Fig.9 block diagram of primary radar

Fig.10 diagram to show hoow RADAR work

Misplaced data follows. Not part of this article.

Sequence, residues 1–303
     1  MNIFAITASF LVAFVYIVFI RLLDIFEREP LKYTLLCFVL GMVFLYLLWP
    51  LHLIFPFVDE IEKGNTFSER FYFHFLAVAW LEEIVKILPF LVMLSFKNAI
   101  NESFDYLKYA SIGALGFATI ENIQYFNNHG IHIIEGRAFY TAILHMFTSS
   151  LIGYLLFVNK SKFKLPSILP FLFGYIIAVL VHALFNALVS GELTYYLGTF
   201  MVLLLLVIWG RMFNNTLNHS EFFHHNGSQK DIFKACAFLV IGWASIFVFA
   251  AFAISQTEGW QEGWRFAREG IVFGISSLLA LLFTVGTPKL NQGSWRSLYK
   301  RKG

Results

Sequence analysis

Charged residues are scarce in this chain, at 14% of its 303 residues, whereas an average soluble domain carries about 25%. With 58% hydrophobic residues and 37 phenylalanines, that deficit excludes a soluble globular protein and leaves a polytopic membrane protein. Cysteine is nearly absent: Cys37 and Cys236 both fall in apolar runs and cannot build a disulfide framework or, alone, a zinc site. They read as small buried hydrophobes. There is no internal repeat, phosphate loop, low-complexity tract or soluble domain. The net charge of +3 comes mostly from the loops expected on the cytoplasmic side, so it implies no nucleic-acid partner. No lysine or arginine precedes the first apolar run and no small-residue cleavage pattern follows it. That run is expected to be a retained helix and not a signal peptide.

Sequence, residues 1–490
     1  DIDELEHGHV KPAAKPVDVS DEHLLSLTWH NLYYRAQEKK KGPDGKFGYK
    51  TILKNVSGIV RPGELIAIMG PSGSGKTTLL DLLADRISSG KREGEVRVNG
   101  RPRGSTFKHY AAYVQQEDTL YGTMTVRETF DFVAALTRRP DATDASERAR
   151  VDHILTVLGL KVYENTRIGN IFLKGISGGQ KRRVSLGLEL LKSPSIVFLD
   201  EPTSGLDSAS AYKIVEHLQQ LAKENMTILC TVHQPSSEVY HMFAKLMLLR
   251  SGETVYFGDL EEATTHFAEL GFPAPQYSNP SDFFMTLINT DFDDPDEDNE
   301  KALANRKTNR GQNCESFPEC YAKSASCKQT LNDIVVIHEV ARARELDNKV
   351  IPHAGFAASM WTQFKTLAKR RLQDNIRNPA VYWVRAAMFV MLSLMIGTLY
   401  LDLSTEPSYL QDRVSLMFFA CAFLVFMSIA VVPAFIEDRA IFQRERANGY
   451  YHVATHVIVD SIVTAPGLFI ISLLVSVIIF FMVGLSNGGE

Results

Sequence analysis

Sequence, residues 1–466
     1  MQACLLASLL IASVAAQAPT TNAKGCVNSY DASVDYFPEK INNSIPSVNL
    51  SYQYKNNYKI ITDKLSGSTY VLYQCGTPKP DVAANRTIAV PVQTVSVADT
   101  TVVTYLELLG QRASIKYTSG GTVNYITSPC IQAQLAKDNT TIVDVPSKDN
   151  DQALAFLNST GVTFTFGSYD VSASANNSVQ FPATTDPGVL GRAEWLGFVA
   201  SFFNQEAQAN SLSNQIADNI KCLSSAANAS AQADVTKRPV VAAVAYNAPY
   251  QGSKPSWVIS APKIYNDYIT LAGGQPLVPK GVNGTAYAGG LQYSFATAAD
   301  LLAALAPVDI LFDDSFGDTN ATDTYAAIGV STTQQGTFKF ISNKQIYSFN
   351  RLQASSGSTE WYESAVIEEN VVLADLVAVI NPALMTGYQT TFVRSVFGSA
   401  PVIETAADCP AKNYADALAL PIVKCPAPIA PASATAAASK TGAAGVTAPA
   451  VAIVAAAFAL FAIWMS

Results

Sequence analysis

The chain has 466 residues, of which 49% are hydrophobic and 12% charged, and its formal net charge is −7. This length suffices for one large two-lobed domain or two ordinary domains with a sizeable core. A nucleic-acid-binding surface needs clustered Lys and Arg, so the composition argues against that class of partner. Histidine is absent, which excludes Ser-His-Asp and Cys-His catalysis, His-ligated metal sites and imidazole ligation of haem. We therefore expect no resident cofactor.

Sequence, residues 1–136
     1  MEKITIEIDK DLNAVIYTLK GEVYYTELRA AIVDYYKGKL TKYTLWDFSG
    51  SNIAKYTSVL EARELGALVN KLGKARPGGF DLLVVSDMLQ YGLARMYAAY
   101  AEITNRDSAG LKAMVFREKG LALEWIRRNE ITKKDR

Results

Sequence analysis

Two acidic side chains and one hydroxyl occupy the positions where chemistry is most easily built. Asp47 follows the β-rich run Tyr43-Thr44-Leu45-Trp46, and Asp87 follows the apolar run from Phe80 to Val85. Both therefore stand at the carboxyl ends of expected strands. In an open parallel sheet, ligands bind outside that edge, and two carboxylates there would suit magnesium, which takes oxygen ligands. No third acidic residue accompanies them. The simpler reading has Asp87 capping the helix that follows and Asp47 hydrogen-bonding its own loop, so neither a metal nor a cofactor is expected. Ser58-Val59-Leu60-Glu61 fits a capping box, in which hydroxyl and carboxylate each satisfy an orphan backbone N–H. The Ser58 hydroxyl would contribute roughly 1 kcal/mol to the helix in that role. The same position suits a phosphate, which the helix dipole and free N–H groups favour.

1).REFLECTION: The electromagnetic waves are reflected if they meet an electrically leading surface. If these reflected waves are received again at the place of their origin, then that means an obstacle is in the propagation direction. This means that a solid object in air or a vacuum, or other significant change in atomic density between the object and what is surrounding it, will usually scatter radar (radio) waves. Radar waves scatter in a variety of ways depending on the size (wavelength) of the radio wave and the shape of the target. If the wavelength is much shorter than the target's size, the wave will bounce off in a way similar to the way light is reflected by a mirror. If the wavelength is much longer than the size of the target, the target is polarized (positive and negative charges are separated), like a dipole antenna. This is described by Rayleigh scattering, an effect that creates the Earth's blue sky and red sunsets. When the two length scales are comparable, there may be resonances. Early radars used very long wavelengths that were larger than the targets and received a vague signal, whereas some modern systems use shorter wavelengths (a few centimeters or shorter) that can image objects as small as a loaf of bread. Short radio waves reflect from curves and corners, in a way similar to glint from a rounded piece of glass. The most reflective targets for short wavelengths have 90° angles between the reflective surfaces. A structure consisting of three flat surfaces meeting at a single corner, like the corner on a box, will always reflect waves entering its opening directly back at the source. These so-called corner reflectors are commonly used as radar reflectors to make otherwise difficult-to-detect objects easier to detect, and are often found on boats in order to improve their detection in a rescue situation and to reduce collisions.